Qld auditor still probing Wellcamp project

·2-min read

Queensland's controversial Wellcamp COVID-19 quarantine facility is still being probed by the state's acting auditor-general.

The government contracted the Wagner Corporation to build the $48.8 million complex near Toowoomba, which opened earlier this year.

Wellcamp is now owned by that company, but has been leased back to the state for 12 months for an undisclosed sum.

The government says the cost of leasing and running the complex is "commercial-in-confidence", but it noted it has not disputed recent media reports the bill is in the region of $190 million in 2022.

Acting auditor-general Karen Johnson said the Wellcamp project is being investigated after the opposition requested it in April, and there is still some outstanding information needed to complete the probe.

"Various parts of information take longer to receive than others - we are actively following up those requests at the moment," Ms Johnson told a budget estimates hearing on Tuesday.

She said the probe was looking at the procurement and tender process, and why the government has deeming the deal with Wagners as "commercial-in-confidence".

"It depends on the facts and circumstances every contract that you need to consider individually. There are guidelines. There are things you would consider," Ms Johnson said.

"Commercial-in-confidence is generally very important in the negotiation stage, not so much after the contract has been settled."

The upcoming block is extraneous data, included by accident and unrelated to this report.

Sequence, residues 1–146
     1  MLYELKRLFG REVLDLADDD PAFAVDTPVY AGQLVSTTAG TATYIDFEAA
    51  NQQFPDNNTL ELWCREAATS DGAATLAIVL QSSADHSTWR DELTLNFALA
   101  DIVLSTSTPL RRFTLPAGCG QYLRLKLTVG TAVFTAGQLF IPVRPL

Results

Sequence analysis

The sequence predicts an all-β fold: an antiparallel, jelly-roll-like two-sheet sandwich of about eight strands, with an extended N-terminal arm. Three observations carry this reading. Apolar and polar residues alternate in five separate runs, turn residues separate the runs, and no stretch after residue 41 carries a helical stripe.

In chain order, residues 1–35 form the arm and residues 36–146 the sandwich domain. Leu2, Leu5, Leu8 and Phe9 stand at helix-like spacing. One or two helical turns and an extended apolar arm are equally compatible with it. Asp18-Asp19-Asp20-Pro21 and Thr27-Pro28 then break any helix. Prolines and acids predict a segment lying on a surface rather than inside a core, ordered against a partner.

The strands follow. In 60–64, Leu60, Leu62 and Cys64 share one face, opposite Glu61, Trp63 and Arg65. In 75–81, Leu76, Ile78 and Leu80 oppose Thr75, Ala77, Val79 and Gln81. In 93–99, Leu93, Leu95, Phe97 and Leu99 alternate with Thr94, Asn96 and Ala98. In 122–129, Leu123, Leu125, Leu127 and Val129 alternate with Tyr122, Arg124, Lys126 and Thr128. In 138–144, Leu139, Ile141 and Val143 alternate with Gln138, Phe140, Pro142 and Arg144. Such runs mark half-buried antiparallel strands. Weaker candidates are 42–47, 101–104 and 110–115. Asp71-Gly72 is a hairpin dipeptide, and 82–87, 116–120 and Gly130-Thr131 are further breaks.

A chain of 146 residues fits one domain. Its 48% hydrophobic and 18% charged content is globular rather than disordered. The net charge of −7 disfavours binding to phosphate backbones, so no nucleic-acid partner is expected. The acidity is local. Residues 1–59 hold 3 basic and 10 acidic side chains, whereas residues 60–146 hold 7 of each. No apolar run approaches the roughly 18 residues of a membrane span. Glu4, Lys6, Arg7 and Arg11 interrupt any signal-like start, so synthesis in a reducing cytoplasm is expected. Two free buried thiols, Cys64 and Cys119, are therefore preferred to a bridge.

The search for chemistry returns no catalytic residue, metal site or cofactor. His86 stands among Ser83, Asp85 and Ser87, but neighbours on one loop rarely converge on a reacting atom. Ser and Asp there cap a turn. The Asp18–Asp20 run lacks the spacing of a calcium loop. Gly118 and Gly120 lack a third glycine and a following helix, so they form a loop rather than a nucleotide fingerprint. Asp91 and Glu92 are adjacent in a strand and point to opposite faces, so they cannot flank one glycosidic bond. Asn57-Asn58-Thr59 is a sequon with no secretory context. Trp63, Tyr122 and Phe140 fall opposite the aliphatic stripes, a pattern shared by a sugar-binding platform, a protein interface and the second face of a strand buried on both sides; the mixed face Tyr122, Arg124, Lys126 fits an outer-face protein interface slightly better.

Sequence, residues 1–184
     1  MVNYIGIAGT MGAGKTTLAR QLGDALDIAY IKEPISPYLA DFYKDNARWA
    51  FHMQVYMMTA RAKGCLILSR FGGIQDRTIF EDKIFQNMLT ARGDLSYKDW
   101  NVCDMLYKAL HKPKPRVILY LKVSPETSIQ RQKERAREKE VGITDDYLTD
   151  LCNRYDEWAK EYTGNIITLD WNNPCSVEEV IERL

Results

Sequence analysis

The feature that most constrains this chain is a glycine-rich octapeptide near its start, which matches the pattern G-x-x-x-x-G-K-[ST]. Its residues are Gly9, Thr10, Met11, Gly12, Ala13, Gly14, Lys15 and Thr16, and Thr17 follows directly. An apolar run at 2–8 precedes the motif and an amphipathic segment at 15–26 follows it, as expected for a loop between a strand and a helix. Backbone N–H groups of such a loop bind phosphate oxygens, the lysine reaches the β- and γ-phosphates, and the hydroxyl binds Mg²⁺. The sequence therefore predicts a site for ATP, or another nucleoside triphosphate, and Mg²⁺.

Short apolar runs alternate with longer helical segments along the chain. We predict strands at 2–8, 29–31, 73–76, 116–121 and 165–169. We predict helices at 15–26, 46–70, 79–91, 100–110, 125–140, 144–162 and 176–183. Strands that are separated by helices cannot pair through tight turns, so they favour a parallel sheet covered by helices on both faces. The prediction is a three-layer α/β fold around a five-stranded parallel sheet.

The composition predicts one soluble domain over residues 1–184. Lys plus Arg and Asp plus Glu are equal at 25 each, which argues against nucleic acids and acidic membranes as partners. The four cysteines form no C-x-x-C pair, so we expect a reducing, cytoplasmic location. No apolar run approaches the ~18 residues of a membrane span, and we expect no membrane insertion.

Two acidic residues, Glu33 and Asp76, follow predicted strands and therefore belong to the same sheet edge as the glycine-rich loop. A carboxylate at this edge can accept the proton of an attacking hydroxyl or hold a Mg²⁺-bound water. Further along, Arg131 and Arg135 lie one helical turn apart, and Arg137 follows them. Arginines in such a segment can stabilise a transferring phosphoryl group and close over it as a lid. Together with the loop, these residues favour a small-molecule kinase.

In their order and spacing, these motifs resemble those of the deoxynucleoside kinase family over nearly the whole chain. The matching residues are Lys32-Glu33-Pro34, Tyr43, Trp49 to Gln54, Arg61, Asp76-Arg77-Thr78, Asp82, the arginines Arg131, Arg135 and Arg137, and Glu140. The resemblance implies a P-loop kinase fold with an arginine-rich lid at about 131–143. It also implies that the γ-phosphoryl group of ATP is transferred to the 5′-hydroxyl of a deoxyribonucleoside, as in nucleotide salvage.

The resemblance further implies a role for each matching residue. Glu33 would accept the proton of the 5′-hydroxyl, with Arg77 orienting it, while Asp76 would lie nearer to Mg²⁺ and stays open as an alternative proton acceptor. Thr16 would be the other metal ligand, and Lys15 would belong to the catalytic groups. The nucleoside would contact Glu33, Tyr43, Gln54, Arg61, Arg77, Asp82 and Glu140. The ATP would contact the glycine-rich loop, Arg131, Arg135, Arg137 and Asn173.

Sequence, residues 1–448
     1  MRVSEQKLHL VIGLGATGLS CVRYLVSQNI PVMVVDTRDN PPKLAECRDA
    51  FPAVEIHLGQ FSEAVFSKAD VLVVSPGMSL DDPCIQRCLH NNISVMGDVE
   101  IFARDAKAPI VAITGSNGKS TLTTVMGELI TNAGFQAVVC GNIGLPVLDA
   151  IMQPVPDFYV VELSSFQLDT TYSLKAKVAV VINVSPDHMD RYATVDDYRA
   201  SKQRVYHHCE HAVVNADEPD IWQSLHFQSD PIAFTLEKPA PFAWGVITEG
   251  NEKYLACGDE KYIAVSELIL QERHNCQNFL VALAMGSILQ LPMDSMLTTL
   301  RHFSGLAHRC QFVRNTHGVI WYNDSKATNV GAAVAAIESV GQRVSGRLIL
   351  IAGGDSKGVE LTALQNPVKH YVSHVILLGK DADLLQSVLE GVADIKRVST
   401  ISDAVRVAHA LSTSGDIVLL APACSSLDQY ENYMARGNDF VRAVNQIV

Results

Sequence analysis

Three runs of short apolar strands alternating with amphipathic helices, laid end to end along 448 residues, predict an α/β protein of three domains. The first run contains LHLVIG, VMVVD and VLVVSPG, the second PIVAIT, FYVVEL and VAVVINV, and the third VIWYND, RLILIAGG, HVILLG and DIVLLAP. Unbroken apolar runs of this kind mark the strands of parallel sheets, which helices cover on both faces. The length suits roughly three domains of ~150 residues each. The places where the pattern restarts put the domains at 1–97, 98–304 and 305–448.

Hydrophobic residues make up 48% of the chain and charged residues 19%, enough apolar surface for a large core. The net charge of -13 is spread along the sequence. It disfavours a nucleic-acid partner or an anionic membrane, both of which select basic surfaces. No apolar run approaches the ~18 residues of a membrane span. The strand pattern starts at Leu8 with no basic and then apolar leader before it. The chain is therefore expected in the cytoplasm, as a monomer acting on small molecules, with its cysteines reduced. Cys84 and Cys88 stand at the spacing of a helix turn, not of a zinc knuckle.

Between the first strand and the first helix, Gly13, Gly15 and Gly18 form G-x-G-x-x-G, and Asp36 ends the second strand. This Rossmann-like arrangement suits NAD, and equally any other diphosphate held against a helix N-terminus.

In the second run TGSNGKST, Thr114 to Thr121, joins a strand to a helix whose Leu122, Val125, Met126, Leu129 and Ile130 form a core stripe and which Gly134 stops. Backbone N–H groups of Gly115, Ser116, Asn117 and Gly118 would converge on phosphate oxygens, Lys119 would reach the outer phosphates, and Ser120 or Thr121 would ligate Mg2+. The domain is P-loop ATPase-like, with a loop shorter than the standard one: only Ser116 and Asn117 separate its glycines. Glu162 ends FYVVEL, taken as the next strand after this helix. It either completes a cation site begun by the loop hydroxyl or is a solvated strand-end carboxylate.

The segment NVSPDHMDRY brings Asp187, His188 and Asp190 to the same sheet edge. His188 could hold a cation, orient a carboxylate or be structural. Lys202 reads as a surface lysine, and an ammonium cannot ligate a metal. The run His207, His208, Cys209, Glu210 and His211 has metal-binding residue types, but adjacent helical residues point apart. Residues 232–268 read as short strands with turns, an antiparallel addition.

Opposition MP Jarrod Bleijie welcomed the auditor-general's investigation into the Wellcamp facility.

He said there was no reason for it to be made commercial-in-confidence as the project didn't go to a tender process.

"There was no competition because it actually never went to tender, so no other businesses had the opportunity to put forward to the state government their proposals for quarantine facilities," he told reporters on Tuesday.

Mr Bleijie said he was "concerned" the auditor-general is still awaiting documents from the government, as unearthed in Tuesday's budget estimate hearings.

On the weekend, the government defended the Wellcamp project after it admitted spending $40 million on the hotel quarantine program in the six months since the multimillion dollar complex opened.

Deputy Premier Steven Miles said most of that $40 million was used to wind down the hotel quarantine program and pay outstanding invoices to participating hotels.

Another 800-bed facility, worth $350-400 million, is being jointly built by the state and federal governments at Pinkenba, near Brisbane Airport.

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